PEA stands for Palmitoylethanolamide. It is a fatty acid that is found in Eggs, Cheese, Meats and Peanuts.  We also make PEA during stress, infections, inflammation, trauma, allergies, pain, cardiac disease, kidney disease and obesity. Much like our endocannabinoids, PEA is responsible for maintaining cellular homeostasis.

Naturopathic Treatment for Multiple Sclerosis

How does it work?

While PEA does not have a direct effect on Cannabinoid receptor (CB1 and CB2) it does have similar mechanisms of action to our endocannabinoids and cannabidiol (CBD). PEA looks very similar to our body’s own endocannabinoids (AEA and 2-AG). These similarities allow PEA to exert effects similar to our AEA and 2-AG.

PEA down regulates mast cells, which are responsible for the release of histamine and other inflammatory mediators. PEA can therefore be a powerful molecule for immune heath, inflammation, pain, neuro-protection and allergies. PEA has direct action on receptors GPCR55 and GPR119, which produce effects similar to activation of CB1 and CB2 by endocannabinoids, THC and CBD.  PEA also acts similarly to CBD by affecting the breakdown of endocannabinoids via inhibition of the enzymes FAAH and MAGL. 

Pain Management
Micronutrient Infusion

The Research

Several studies have shown that when PEA is used with opioid type drugs for low back pain, the dose of the opioids could be reduced significantly. PEA was found to exert pain relief animal models of inflammation and neuropathic pain. These analgesic effects are thought to be due to increasing endocannabinoid levels similarly to how CBD works. All in all many studies have revealed that PEA exerts similar effects to CBD.  So I thought I would give this supplement a whirl, as a alternative to CBD (especially for travel) would be an important option for patients using CBD.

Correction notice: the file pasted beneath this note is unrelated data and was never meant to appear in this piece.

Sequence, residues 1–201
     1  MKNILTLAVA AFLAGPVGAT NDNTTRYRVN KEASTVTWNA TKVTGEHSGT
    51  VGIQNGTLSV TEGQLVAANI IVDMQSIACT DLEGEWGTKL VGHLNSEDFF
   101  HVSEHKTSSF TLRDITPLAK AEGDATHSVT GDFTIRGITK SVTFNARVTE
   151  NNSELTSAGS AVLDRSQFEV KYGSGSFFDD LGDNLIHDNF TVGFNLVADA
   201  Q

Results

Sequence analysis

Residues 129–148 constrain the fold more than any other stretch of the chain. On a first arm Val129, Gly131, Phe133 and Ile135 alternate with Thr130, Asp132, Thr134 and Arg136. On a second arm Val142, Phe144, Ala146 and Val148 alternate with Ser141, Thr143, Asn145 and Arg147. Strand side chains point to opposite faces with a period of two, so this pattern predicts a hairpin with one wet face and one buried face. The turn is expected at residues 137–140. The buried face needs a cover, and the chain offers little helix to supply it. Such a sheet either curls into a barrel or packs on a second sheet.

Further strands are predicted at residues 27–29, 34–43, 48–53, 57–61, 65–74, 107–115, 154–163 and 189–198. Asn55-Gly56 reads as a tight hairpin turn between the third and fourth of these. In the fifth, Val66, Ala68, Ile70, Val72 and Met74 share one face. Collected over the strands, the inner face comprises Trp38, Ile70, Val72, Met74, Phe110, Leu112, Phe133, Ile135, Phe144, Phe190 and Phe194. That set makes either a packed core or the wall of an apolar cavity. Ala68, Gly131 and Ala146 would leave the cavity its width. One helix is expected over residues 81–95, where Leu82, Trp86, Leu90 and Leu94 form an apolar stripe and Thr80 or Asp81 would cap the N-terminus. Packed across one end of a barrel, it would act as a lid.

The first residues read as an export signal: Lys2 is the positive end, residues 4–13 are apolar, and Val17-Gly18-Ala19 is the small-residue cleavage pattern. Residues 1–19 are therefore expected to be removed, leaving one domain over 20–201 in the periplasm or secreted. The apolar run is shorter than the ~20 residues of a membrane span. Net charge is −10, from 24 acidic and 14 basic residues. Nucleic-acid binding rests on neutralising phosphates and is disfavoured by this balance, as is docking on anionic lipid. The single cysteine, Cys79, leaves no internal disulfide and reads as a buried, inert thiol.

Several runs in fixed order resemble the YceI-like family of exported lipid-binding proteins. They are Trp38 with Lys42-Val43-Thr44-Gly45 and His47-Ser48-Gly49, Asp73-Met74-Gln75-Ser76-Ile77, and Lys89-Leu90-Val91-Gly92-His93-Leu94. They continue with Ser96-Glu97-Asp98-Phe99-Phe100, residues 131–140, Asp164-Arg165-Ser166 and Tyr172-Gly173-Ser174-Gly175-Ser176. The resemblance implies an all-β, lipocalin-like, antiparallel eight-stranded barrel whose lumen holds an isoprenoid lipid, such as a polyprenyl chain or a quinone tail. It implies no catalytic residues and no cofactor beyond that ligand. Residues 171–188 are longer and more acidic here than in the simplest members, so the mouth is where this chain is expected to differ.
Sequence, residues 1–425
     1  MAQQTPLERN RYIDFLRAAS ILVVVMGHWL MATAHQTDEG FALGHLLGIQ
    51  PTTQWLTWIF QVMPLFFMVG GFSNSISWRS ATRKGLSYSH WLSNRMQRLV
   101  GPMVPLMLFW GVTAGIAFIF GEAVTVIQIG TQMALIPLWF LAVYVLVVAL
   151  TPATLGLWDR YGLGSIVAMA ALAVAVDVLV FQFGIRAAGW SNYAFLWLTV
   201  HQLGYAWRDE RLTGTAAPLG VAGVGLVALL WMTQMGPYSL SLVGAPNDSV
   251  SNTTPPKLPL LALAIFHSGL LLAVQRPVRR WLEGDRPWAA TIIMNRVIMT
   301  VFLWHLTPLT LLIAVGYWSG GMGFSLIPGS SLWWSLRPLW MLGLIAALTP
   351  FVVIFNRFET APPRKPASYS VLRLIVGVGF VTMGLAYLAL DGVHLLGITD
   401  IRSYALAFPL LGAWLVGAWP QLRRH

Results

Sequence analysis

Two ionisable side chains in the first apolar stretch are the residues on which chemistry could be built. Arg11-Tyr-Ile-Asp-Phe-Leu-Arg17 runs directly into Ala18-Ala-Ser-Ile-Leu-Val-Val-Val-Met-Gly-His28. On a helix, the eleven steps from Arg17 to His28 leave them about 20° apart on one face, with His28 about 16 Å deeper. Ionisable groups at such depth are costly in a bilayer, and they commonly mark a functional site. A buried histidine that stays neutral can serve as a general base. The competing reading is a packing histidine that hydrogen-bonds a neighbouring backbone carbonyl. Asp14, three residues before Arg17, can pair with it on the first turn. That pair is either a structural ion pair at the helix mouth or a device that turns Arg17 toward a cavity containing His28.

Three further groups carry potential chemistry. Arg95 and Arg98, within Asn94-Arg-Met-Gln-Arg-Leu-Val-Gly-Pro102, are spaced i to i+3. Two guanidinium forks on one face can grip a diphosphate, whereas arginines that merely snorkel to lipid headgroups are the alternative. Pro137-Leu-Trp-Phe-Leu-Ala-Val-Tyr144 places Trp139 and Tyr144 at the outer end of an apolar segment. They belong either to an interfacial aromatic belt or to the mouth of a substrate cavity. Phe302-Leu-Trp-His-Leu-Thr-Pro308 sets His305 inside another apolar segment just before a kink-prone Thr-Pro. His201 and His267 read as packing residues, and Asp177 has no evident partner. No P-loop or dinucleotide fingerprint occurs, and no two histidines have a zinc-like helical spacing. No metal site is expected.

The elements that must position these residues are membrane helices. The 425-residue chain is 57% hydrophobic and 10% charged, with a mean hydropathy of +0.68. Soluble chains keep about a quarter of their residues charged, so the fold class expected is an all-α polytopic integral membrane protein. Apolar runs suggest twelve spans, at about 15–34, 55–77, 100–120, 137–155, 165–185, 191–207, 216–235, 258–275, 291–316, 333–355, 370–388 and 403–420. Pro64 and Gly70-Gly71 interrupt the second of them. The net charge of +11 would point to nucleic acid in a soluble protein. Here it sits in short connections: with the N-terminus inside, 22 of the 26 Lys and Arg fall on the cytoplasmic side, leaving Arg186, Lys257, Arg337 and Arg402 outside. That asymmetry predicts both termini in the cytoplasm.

My 5-day Trial with PEA

I took the supplement P.E.A. Activate from AOR , which contains 600mg PEA per lozenge.  My daily dose was two lozenges per day and I did that for 5 days. I noticed a strange light-headed feeling about 5 minutes after chewing my first lozenge. The feeling lasted for a bout 30min. I was excited that I actually felt a bit different after that fist dose by unfortunately each dose produced a similar effect (a light relaxing feeling) that only lasted between 30-60min. There didn’t seem to be much carry over from one dose to another. The effects were always pretty fast acting but short-lived. Furthermore I had a return of some muscle soreness that was absent for most of the time that I was taking my CBD supplement.  So, it seemed like, for me, the PEA was not having the same effect that I had experienced while on CBD.

In summary, the effects that I experienced during my PEA trial were fast acting but short-lived. PEA may therefore be a useful tool for acute episodes of anxiety, pain etc… but it did not have the same accumulative and long term effects that I experienced with CBD. The research on PEA is compelling and it is possible that this supplement warrants a more long-term trial. According to the research PEA seems to be a potential alternative to CBD but from my experience it falls a bit short.  Check out my video review of PEA here. 

https://youtu.be/Yfr-Ma19gGk

dr_shawn

Patient focused integrative health care. Utilizing effective natural approaches designed to be used alone or to compliment conventional medical care.